6a Enters-the-battlefield abilities trigger when a permanent enters the battlefield. . . all permanents on the battlefield (including the newcomers) are checked for any enters-thebattlefield triggers that match the event.6d Normally. . . Continuous effects that exist at that time are used to determine what the trigger conditions are and what the objects involved in the event look like.6e). These are written. objects that exist immediately after an event are checked to see if the event matched any trigger conditions. the effect makes the land card into a creature the moment it enters the battlefield. abilities that trigger specifically when an object becomes unattached. “When [this object] leaves the battlefield. The game has to “look back in time” to determine if these abilities trigger. but aren’t limited to. the part of the ability attempting to do something to the object will fail to do anything. .6c Leaves-the-battlefield abilities trigger when a permanent moves from the battlefield to another zone.) The most common zone-change triggers are enters-the-battlefield triggers and leaves-the-battlefield triggers.” or “[This permanent] enters the battlefield tapped. or because it is in a zone that is hidden from a player. (This rule applies even if the object leaves the zone and returns again before the ability resolves. However. even though the artifact goes to its owner’s graveyard at the same time as the creatures. Continuous effects don’t apply before the permanent is on the battlefield. 603. . because it left the zone before the ability resolved. .During resolution. so the enters-the-battlefield ability won’t trigger. 603. abilities that trigger when an object that all players can see is put into a hand or library. and abilities that trigger when a player planeswalks away from a plane will trigger based on their existence. The permanent is never on the battlefield with its unmodified characteristics. . The artifact’s ability triggers twice. . if an effect reads “All creatures lose all abilities” and a creature card with an enters-thebattlefield triggered ability enters the battlefield. or when a phased-in permanent leaves the game because its owner leaves the game. An ability that triggers when a card is put into a certain zone “from anywhere” is never treated as a leaves-the-battlefield ability. Leaves-the-battlefield abilities.” Such text is a static ability—not a . The ability could be unable to find the object because the object never entered the specified zone. These are written as. Conversely.” “[This permanent] enters the battlefield as . . such as a library or an opponent’s hand.” or “Whenever [something] is put into a graveyard from the battlefield. you gain 1 life. 603. . even if an object is put into that zone from the battlefield. . . . some triggered abilities must be treated specially because the object with the ability may no longer be on the battlefield. and the appearance of objects.” Each time an event puts one or more permanents onto the battlefield. abilities that trigger when a permanent phases out. . . prior to the event rather than afterward.” Someone plays a spell that destroys all artifacts. . that effect will cause it to lose its abilities the moment it enters the battlefield. so it would trigger abilities that trigger when a creature enters the battlefield. Example: If an effect reads “All lands are creatures” and a land card is played.” “As [this permanent] enters the battlefield . . these abilities look for the object in the zone that it moved to. “When [this object] enters the battlefield. . “ or “Whenever a [type] enters the battlefield. Example: Two creatures are on the battlefield along with an artifact that has the ability “Whenever a creature is put into a graveyard from the battlefield. . or may no longer be controlled by the appropriate player. 603.6b Continuous effects that modify characteristics of a permanent do so the moment the permanent is on the battlefield (and not before then). may have moved to a hand or library. however (see rule 603. . abilities that trigger when a player loses control of an object. If the object is unable to be found in the zone it went to.” An ability that attempts to do something to the card that left the battlefield checks for it only in the first zone that it went to. creatures. . 603. and enchantments.6e Some permanents have text that reads “[This permanent] enters the battlefield with .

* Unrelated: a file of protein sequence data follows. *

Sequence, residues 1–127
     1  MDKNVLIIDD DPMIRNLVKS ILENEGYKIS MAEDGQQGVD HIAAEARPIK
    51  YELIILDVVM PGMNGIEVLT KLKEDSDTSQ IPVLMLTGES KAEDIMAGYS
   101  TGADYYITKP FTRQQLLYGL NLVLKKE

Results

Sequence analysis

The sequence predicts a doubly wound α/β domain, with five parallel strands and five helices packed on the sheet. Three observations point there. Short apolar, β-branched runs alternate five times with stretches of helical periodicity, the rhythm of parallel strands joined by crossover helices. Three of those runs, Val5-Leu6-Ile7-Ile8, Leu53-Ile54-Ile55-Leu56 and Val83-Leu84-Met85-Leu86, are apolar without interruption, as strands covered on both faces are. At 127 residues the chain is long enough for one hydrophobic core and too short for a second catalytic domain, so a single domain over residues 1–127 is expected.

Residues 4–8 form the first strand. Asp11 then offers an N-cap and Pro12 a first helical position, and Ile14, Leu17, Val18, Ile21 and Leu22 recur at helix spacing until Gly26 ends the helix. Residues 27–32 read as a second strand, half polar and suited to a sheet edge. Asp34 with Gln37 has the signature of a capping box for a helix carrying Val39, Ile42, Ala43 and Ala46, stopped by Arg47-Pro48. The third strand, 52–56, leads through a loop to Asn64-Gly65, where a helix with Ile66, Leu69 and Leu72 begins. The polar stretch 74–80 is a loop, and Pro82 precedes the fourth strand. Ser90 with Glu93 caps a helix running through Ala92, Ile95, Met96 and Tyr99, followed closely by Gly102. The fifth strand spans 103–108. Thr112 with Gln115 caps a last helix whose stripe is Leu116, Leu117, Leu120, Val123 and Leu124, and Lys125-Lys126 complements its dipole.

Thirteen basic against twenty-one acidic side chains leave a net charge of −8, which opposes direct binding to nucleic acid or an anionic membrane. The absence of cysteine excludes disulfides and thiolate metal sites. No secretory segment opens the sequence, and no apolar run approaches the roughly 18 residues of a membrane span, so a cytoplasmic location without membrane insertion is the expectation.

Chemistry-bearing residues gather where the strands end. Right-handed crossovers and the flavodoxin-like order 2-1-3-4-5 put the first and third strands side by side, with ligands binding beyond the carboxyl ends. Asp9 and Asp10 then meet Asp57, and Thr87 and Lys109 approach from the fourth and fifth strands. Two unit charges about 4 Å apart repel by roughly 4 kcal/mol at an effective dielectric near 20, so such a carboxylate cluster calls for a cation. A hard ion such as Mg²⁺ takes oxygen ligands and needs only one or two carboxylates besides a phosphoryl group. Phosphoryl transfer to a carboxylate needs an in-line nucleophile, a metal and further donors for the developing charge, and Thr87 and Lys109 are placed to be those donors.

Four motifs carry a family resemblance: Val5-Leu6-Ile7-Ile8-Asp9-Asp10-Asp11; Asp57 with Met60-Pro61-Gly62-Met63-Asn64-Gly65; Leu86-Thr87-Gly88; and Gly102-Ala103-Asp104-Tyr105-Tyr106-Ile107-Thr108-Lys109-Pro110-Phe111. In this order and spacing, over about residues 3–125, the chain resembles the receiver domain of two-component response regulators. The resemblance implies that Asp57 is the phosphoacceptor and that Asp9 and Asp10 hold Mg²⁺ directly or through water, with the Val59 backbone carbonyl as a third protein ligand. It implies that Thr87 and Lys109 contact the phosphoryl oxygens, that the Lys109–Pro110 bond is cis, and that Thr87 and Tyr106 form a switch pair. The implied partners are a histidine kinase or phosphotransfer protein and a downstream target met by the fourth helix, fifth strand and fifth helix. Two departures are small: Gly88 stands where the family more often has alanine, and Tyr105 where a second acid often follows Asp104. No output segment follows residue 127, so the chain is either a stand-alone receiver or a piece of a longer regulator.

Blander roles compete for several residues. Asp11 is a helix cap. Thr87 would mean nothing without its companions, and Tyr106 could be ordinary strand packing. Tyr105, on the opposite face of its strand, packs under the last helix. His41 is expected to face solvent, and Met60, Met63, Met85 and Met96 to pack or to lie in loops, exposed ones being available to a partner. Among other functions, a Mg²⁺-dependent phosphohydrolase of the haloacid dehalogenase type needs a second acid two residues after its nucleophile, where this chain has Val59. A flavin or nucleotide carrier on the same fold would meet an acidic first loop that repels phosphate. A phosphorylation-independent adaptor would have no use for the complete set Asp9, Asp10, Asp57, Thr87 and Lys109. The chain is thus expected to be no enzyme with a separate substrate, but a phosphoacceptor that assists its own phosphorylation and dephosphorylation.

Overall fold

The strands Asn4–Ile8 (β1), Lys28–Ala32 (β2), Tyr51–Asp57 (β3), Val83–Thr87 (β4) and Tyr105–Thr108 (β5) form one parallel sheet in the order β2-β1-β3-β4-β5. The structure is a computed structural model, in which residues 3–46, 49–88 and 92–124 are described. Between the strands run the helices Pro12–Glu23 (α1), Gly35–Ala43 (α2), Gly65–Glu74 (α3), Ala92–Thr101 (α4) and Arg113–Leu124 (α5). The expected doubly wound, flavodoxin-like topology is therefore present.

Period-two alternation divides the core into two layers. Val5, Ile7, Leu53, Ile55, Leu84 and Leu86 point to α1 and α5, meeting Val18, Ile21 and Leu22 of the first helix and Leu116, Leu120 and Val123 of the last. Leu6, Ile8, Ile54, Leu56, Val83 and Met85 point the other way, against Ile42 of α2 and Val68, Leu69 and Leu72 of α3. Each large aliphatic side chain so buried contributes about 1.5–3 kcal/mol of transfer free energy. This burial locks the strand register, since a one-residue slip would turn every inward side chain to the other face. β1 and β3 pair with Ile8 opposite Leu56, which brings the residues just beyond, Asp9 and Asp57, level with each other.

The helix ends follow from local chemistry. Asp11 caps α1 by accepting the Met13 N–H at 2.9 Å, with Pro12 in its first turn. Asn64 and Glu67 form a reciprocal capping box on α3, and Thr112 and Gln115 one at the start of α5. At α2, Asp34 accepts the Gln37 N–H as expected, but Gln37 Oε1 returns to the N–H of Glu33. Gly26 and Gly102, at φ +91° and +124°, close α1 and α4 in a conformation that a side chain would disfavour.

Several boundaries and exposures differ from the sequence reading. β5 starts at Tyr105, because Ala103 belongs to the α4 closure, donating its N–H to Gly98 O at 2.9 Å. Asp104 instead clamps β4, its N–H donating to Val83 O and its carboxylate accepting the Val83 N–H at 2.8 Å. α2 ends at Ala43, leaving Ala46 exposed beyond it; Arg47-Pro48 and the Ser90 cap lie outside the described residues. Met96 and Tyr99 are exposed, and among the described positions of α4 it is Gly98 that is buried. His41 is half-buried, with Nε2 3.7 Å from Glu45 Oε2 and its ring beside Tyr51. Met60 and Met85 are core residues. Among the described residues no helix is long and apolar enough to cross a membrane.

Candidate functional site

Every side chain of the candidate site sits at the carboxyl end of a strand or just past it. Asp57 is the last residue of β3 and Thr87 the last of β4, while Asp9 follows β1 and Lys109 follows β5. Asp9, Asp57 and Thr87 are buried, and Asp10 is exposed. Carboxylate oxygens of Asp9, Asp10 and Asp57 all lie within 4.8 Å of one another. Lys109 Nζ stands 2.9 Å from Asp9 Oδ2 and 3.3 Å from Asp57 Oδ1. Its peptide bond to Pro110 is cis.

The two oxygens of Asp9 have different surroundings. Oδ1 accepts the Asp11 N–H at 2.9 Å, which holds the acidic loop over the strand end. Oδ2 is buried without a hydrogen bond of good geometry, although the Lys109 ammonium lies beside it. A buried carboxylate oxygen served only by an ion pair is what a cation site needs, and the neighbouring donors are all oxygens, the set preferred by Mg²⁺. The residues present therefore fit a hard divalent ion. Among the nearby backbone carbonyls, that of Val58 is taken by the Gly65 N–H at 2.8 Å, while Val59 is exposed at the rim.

they can also find the new object the Aura card became in its owner’s graveyard after state-based actions have been checked. 603. Then. Example: A permanent’s ability reads. the delayed ability never triggers. or has otherwise left the stack. 603. Other events that happen earlier may make the trigger event impossible. draw a card.” or “at.7b A delayed triggered ability will trigger only once—the next time its trigger event occurs— unless it has a stated duration.7d If a spell creates a delayed triggered ability. That means a delayed triggered ability won’t trigger until it has actually been created. Example: Part of an effect reads “When this creature leaves the battlefield. However. These abilities trigger as soon as the game state matches the condition.6f Some Auras have triggered abilities that trigger on the enchanted permanent leaving the battlefield. 603. has been countered. the source of that delayed triggered ability is the same as the source of that other ability. 603. if that object is no longer in the zone it’s expected to be in at the time the delayed triggered ability resolves. 603. such as “this turn.” “whenever. Some triggered abilities trigger when a game state (such as a player controlling no permanents of a particular card type) is true. These are called state triggers. rather than triggering when an event occurs. it’s a new object and thus won’t be affected.triggered ability—whose effect occurs as part of the event that puts the permanent onto the battlefield. Example: If an effect reads “When this creature becomes untapped” and the named creature becomes untapped before the effect resolves. or are created as the result of a replacement effect being applied. See rule 400. In this case. They’ll go onto the stack at the next available opportunity.7.7. the ability won’t affect it. These triggered abilities can find the new object that permanent card became in the zone it moved to. the source of that delayed triggered ability is that spell. “Whenever you have no cards in hand. the ability will trigger again.7e If an activated or triggered ability creates a delayed triggered ability. even if its trigger event occurred just beforehand. However.) A state-triggered ability doesn’t trigger again until the ability has resolved.7a Delayed triggered abilities come from spells or other abilities that create them on resolution. (Note that if that object left that zone and then returned. 603. the source of that delayed triggered ability is the object with that static ability.7f If a static ability generates a replacement effect which causes a delayed triggered ability to be created. 603. the ability waits for the next time that creature untaps. it won’t do anything if the permanent left the battlefield before then.7. The controller of that delayed triggered ability is the player who controlled that other ability as it resolved. the ability will trigger once . A delayed triggered ability will contain “when.7c A delayed triggered ability that refers to a particular object still affects it even if the object changes characteristics. The controller of that delayed triggered ability is the player who controlled that spell as it resolved. 603.” 603.8.” although that word won’t usually begin the ability. The controller of that delayed triggered ability is the same as the controller of that object at the time the replacement effect was applied.) Example: An ability that reads “Exile this creature at the beginning of the next end step” will exile the permanent even if it’s no longer a creature during the next end step.” but the creature in question leaves the battlefield before the spell or ability creating the effect resolves.” If its controller plays the last card from his or her hand. (Note that state triggers aren’t the same as state-based actions. See rule 400. if the object with the ability is still in the same zone and the game state still matches its trigger condition. An effect may create a delayed triggered ability that can do something at a later time.